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D. Walsh Gilbert


Cow parsley circles the foot

of an Edith blue spruce like so many

flower-girls surrounding a bride.

Not even the rain can dampen them.

The month of shaking clean

the burlap bags is past: July of empty

yesterdays. Upon us: new spuds

plentiful in every trench and hill.

We practice tapping a half-hardy

pumpkin, listening for hollow,

pinching for rot. Heft the rugged

from the field. A soup is simmering.

The many vagueries of light: the sun

and shade and candlelight—fire

in a hearth, and hearts becoming jackdaw,

rook, the growl of tractor crawl.

The drumlin mushrooms thrive

under compost, white as they bulge,

white as August’s wild carrot,

pure as pignut, dropwort, angelica,

while the sea-fog breathes out loud

and Slieve Gullion speaks

the evergreen lilts of legend, and myth,

and crow song in the edgelands.


The farming men are cutting the dead

hedges for the Samhain bonfire—

the bone-fire. For the culling of the old

and the coming of the new, they winnow

the worn and the sick from the herd,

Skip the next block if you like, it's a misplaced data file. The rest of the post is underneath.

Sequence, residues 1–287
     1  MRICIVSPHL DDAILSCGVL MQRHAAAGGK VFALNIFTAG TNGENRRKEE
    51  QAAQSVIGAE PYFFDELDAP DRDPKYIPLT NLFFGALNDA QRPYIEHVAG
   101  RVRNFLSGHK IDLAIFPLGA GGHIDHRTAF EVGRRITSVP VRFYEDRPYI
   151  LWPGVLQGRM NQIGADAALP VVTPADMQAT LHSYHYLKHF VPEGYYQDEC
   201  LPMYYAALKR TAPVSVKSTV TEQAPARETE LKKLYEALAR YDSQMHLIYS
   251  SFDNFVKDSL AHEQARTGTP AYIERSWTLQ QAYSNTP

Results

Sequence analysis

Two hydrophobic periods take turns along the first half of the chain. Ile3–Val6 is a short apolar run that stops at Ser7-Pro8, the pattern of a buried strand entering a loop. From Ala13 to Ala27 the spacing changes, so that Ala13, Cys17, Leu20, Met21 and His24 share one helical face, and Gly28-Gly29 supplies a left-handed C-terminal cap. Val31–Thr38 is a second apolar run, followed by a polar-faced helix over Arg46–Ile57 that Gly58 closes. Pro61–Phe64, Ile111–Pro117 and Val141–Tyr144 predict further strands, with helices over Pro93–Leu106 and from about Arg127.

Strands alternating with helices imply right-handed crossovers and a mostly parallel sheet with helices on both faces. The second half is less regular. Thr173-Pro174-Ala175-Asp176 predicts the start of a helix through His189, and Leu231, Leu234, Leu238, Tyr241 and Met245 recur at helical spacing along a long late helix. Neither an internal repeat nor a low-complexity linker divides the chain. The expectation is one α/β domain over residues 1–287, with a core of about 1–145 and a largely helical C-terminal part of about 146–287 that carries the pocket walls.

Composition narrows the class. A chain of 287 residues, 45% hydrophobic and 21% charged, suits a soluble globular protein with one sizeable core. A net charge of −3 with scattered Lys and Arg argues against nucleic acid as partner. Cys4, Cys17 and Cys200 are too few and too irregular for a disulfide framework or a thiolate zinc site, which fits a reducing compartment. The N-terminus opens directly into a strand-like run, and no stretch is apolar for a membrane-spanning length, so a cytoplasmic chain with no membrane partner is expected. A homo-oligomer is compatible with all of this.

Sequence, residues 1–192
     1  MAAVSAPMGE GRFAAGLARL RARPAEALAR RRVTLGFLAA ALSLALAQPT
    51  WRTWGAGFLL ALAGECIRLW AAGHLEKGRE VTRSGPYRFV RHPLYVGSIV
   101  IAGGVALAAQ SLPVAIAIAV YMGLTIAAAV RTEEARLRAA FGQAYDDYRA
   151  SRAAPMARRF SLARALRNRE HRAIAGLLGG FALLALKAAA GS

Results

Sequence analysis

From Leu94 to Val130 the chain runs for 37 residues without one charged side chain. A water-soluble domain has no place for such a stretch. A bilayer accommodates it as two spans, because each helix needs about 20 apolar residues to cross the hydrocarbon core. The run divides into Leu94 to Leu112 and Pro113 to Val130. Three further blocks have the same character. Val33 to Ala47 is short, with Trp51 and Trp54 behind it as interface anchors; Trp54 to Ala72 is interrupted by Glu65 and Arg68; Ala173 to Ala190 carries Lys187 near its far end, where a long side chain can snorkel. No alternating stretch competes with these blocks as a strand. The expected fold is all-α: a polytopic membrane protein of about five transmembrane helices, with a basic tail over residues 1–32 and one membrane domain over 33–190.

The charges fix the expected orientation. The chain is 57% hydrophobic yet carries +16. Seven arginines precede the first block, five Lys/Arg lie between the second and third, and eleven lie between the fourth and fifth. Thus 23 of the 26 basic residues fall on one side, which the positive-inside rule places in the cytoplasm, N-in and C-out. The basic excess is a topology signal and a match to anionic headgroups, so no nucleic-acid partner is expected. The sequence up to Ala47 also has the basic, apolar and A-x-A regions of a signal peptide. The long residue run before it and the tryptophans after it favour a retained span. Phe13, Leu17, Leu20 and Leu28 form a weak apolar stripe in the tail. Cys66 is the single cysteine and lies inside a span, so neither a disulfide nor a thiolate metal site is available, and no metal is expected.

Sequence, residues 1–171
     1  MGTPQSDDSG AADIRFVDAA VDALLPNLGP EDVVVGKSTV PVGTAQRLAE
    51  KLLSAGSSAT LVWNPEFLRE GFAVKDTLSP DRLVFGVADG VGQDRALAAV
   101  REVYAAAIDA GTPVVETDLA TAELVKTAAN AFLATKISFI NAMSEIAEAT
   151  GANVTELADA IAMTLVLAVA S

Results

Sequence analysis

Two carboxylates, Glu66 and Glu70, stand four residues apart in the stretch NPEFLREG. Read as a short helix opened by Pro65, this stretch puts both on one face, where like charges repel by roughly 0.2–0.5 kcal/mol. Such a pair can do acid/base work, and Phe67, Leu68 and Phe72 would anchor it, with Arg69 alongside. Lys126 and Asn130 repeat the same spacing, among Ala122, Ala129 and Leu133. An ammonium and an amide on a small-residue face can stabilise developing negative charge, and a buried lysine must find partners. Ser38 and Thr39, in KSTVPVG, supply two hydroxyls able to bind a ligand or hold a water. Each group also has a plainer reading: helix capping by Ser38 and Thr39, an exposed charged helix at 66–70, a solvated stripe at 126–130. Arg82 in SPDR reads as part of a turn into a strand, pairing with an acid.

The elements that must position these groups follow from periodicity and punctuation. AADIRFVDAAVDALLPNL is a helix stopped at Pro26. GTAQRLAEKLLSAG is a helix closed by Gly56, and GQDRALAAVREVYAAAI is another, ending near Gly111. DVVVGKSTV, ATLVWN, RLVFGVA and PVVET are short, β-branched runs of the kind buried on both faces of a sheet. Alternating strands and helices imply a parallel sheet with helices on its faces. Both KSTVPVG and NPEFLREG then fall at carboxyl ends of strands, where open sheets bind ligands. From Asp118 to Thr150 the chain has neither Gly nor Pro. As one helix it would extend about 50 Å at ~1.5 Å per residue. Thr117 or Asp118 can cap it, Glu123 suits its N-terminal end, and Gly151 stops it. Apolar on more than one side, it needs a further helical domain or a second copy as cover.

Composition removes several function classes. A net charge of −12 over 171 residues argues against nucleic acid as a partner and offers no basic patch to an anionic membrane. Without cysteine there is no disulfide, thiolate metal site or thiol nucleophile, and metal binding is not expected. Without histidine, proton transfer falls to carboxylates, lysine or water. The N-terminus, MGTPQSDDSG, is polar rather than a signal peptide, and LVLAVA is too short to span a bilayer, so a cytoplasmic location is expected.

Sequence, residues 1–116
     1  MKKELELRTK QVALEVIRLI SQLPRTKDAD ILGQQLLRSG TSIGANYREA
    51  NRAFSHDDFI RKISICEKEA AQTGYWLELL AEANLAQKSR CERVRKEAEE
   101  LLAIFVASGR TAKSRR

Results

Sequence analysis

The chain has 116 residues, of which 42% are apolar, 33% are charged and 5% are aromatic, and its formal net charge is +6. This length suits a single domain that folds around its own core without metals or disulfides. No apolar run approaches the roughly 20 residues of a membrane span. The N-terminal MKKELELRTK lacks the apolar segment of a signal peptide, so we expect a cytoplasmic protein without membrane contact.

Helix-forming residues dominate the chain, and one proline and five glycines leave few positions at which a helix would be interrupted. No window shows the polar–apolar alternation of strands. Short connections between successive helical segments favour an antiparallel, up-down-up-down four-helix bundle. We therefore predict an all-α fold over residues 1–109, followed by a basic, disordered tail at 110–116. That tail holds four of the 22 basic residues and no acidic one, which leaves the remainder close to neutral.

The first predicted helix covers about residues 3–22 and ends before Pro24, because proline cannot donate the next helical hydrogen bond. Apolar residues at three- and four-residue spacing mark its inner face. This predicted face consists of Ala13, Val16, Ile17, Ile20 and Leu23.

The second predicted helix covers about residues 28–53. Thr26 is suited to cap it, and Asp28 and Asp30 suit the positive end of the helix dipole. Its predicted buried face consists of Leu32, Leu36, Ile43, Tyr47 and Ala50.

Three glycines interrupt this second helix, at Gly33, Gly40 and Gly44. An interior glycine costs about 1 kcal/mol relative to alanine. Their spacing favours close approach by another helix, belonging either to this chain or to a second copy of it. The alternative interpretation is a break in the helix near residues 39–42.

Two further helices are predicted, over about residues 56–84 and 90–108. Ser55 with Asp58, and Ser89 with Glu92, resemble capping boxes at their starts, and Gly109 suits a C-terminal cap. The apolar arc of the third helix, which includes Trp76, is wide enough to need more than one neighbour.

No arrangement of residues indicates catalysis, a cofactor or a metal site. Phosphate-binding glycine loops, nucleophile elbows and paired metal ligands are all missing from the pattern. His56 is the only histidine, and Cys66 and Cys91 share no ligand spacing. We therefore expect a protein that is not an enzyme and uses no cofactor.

the unwanted bones moaning toward fire—

the stags and empty freemartins,

the non-milkers and the lame.

But six taut udders in Derrynoose escape,

and we can’t speak of the Sídhe

but the Púca is about,

and the old hag on Inishbofin laughs

as four black Aberdeen Angus cows

and two lusty Red Ruby heifers

are swallowed by the thin land

beside the Derrynoose chapel. They low,

Not mule, not ewe,

not brute, nor moon,

but we are beastly wombs


So, with wide hips of great swaying arches,

driven by the scent of gorse

they go where the world as they know it

loses color, but softens,

to where the graves are open and time

stands still, and cattle can slip

like a full moon toward November,

like bonfire smoke between raindrops.

Approaching Seventy

I am remembering

the small things

now that I am

the old woman at the shore,


connected by her roots,

an oyster

clinging to a rock

swallowing sea-

water’s brine

and spitting out

slow stories

little words.

The weeds of the abyss,

ripped out,

hang from my neck,

hag hair



like ancestral rays,




those small things

which pierce and sting

and make.

I can see

the falling acorn

crack its shell

and bury.

I can see

how I fit in

the selkie’s

ragged skin.


D. Walsh Gilbert, dual citizen of the United States and Ireland, is the author of Ransom (Grayson Books), Once the Earth had Two Moons (Cerasus Poetry), and imagine the small bones (Grayson Books). Her work has appeared in Gleam, The Lumiere Review, Black Fox Literary Magazine, and forthcoming, Thimble Literary Magazine, among others. She serves on the board of the non-profit, Riverwood Poetry Series, and as co-editor of Connecticut River Review.


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